Korean Research Fraud: Kids Listed as Manuscript Co-Authors

Fraudulent research has taken a turn for the worse, this time in South Korea. At least 82 academic papers published by South Korean researchers have been identified as fraudulent. Apparently, South Korean researchers have been naming their own children or other relatives as co-authors in order to improve their chances of admission to top universities. The national government recently uncovered this dubious practice of kids being named as co-authors. The scandal will undoubtedly have a negative impact on the reputation of several renowned research institutions, including Sungkyunkwan University, Yonsei University, Seoul National, and Kookmin University. In fact, a total of 29 universities in South Korea are affected.

The problem of child authorship was first discovered a year ago. The fraud became apparent that a researcher at Seoul National had included his son’s name as co-author on dozens of published papers. According to the Korea Herald, the kid, who had not even completed his highschool, has authored as many as 43 papers of his father.

Impact vs. Integrity

We continue to see new ways of taking short-cuts around publication ethics. The rush to make an impact in science is often at the cost of integrity and quality. Sloppy work and outright fraud have taken many forms: manipulated or fake images, modified data, plagiarism and other problems that have caused many articles to be retracted. Until now, phony or underage authors were unheard of, which has changed with the recent news from South Korea.

The South Korean scandal is one more indication that the “publish or perish” problem has escalated. It is no longer enough simply to publish one’s work. In today’s academia, career advancement depends more and more on publishing breakthroughs, rather than solid but less exciting replication studies. The increasing pressure to publish new findings is being felt by researchers globally.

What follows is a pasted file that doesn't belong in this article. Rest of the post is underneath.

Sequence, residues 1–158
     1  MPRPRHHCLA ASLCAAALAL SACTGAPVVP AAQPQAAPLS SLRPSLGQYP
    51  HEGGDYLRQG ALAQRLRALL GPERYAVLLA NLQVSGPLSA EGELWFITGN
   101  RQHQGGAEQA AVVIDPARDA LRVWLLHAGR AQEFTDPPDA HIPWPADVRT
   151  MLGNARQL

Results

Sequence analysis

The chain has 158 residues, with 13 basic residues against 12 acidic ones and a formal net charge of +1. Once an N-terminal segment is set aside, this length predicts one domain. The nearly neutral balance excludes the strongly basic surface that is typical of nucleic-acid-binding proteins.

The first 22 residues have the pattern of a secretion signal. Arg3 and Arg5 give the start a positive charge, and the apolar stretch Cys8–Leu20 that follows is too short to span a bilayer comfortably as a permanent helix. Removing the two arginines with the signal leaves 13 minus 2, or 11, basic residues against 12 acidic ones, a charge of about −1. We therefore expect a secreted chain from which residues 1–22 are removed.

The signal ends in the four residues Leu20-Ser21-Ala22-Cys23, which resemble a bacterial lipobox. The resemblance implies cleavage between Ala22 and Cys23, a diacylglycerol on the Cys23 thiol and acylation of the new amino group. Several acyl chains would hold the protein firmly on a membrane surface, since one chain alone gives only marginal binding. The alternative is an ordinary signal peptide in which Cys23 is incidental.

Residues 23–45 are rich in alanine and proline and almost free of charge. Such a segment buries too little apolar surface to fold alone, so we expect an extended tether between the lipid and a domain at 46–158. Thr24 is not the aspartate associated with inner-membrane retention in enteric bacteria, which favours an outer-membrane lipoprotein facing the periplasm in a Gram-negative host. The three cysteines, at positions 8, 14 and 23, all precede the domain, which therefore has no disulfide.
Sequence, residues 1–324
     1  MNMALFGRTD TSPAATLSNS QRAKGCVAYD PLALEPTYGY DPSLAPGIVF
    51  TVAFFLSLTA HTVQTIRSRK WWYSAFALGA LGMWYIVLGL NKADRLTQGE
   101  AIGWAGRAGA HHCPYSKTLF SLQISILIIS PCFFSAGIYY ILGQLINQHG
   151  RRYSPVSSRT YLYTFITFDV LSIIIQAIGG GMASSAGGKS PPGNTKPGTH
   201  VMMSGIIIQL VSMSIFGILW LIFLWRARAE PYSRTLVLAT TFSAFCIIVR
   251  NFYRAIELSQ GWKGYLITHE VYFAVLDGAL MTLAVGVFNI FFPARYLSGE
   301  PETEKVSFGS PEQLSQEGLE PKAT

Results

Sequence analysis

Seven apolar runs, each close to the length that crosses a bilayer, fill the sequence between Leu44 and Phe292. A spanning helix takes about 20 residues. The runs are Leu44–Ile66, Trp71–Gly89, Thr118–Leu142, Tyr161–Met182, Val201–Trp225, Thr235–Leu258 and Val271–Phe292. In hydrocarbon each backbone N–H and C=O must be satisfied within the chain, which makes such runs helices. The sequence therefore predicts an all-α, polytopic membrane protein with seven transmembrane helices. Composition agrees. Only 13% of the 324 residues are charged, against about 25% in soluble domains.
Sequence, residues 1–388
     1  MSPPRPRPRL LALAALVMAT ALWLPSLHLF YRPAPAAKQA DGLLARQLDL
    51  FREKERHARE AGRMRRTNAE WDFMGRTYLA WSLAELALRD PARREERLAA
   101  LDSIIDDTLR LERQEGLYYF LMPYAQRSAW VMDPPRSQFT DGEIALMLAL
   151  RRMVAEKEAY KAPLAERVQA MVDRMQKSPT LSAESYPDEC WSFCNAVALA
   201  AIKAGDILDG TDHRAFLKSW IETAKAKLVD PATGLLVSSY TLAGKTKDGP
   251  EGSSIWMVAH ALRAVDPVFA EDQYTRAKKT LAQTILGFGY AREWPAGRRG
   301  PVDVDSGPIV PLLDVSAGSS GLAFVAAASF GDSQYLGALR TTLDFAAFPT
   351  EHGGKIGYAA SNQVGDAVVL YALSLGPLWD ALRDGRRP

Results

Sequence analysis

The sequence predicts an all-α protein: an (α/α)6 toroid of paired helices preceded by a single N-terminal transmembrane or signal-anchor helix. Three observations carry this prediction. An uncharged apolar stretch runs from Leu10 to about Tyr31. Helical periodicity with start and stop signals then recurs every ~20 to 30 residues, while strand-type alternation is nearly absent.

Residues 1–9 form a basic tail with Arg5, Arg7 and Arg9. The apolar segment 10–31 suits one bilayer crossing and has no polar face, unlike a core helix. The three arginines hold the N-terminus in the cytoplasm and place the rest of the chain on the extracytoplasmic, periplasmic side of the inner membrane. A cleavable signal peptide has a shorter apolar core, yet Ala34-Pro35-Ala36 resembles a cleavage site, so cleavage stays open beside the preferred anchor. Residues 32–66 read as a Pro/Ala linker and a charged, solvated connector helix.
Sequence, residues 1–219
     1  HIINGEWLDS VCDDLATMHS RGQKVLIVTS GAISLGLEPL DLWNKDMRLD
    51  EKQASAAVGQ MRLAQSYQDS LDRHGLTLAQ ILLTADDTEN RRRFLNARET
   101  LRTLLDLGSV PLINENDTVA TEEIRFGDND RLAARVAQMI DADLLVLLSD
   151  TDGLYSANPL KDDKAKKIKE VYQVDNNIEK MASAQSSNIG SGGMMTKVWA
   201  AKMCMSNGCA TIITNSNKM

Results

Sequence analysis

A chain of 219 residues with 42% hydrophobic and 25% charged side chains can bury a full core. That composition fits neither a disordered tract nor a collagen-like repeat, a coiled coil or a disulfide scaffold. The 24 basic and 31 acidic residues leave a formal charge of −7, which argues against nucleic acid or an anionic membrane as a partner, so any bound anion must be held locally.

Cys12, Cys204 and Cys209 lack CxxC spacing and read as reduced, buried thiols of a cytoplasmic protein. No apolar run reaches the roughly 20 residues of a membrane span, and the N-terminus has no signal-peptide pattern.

On top of the enormous pressure to publish new findings, there is an added problem in South Korea. This has to do with the faulty higher education system in that country. The national goal is to make university education available to everyone. As a result, its quality has deteriorated. University education is no longer enough for young people in South Korea to gain recognition and employment. In order to succeed they must attend the very best schools in the country if their degree is to be meaningful. The competition is fierce, which partly explains why admissions fraud is a problem in South Korea and why some parents feel they are helping their children by including them as co-authors on papers.

Should child authorship be an accepted practice? While it is not that unusual for related individuals to work together and appear as co-authors on a paper, the best research programs and journals have strict rules about disclosing these relationships. It is highly unusual for a person without credentials (without a PhD or similar degree) to be named on a paper.  The young people whose names appeared on the South Korean papers were high school age or even younger. At the very least, the research proposal as well as any paper submitted for publication must clearly indicate if there is any researcher involved who is below the age of 18.

What’s next for South Korean researchers?

The South Korean story is far from over. The journal Nature reports that the investigation is ongoing. Over the next several weeks, the investigators will cross check the family names of as many as 76,000 South Korean researchers against article citations in major databases. The goal of the investigation is to determine how many more articles already published might include kid authors. The investigation will focus on papers in well-known citation databases: Science Citation Index (SCI), Web of Science, and Scopus.

The scandal comes at a crucial time for South Korea, when it is striving for global recognition as host of the Olympic winter games. The good news is that the government has acted quickly. We can only hope that the investigation is thorough and helps prevent this sort of fraud from happening again.

The South Korean academic community and researchers all over the world have the responsibility of monitoring their colleagues and keeping high standards of publication ethics. Why not take the time now to review the basics of ethical research and publishing? Please share your thoughts with us in the comments section below.

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